At the hint of raspberry chocolate flavored coffee the laughter grows deafening as my best friend, Susan, and I dance around the living room in boxer shorts and t-shirts singing along to our new favorite performer, Harry Connick Jr; our teenaged hearts just wild over our new celebrity crush.

It is New Year’s Eve and it is going to be a blue moon.  We make pot after pot of raspberry chocolate coffee while very seriously and demurely watch foreign films until the clock strikes twelve.  We run outdoors, mugs in hand, to greet the New Year under the enormous full moon.

Last week Emily’s boyfriend gave us a pound of coffee his father had roasted. Jamaican Me Crazy is the name.  I was unsure of what flavor that would be!  I poured the boiling water over the earthy grounds in the French Press and poured myself a cup.

I am surprised to find myself with my young children some dozen years ago laughing and walking around the Aurora Mall.  We go there a lot to keep busy and take in the sights.  We play on the magnificent merry-go-round that holds court in the center of the mall.  The childhood, seemingly hand cranked, music fills the air.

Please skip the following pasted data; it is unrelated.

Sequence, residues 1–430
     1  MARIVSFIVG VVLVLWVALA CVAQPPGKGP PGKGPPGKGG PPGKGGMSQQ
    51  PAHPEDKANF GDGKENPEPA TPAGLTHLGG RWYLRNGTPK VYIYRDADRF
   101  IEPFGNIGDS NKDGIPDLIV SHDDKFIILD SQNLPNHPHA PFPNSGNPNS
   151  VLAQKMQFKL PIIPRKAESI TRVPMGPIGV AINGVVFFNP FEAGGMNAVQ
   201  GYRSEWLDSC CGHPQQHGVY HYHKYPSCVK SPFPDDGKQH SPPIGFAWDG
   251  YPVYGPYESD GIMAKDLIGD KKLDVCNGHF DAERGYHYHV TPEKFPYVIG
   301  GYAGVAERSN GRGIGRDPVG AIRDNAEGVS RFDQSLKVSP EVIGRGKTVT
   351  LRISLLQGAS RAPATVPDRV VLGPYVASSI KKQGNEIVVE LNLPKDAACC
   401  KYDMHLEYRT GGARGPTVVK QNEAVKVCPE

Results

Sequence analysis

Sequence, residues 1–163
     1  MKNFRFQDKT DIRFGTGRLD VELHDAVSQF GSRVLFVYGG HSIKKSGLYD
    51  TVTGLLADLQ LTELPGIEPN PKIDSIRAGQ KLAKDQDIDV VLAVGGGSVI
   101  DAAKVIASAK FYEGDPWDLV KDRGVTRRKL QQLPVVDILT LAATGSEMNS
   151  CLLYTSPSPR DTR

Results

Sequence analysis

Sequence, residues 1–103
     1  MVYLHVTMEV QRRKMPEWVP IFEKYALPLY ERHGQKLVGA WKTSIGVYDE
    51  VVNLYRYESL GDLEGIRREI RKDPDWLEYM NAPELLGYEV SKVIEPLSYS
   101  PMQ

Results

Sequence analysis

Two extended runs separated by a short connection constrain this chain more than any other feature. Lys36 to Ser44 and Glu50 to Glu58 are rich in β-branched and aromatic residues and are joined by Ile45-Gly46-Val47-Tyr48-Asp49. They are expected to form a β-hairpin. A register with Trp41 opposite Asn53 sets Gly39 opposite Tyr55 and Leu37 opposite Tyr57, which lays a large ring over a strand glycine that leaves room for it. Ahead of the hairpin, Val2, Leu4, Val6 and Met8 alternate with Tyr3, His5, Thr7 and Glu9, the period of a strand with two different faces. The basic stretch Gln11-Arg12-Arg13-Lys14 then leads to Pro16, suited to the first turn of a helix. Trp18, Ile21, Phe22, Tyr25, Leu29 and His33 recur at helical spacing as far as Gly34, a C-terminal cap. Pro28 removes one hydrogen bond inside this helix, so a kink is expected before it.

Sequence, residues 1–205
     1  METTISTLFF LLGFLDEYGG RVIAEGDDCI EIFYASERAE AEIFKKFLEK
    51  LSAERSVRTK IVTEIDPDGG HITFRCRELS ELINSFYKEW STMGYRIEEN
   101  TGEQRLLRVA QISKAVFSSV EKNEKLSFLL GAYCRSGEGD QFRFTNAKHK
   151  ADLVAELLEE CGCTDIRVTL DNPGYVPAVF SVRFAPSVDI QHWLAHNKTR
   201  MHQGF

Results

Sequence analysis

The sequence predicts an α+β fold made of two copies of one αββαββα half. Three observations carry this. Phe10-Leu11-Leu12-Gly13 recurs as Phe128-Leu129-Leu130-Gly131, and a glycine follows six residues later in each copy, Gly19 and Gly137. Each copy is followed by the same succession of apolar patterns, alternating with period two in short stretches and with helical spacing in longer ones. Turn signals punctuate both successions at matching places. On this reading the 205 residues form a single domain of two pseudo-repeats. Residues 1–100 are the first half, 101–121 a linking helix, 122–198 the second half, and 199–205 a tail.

Near the merry-go-round is my favorite shop with walls lined with unique and daring coffee blends such as Coconut macadamia, Hazelnut with real pieces of nuts, Irish Cream, and my favorite Chocolate Pecan.

Grandpa has just bought me a new coffee maker.  He jokes that it does everything but bring you a cup of coffee!  It grinds and brews at any designated time (new at that time!).  At home, as the rich liquid brews we turn on the Martha Stewart Show and see what creativity she has in store for us.  This was a tradition we carried on until just a few years ago; Martha and Coffee.

Even now, Doug and I sit in Grumpy’s Coffee sipping our respective brews, soy peppermint mocha for him, black dark roast for me, sharing the paper, greeting all the familiar faces, and making new coffee memories.

Posted in Herbal Remedies

Farmacy: The Medicinal Benefits of Coffee

I am always surprised when clients tell me that they gave up coffee when expressing their intent to get healthier.  I always reply, “Why?”  Now, I am not speaking to you as a farm girl with my second cup of steaming, strong coffee beside me, but rather as a Master Herbalist, which is my job.  Coffee has a myriad of medicinal traits and not a one bad.  Let’s set the record straight, shall we?

coffee cup

Now despite all of the research and articles coming out about the positive benefits of coffee (and indeed caffeine), for some reason the old myth dies hard.  Hold onto your coffee cup folks, coffee is good for you!


Here are just a few of the benefits and things we use it for in our apothecary:

Cognitive support.  Studies show (and any student before a test) that coffee improves thinking and memory.  Drinking coffee slows dementia and Alzheimer’s.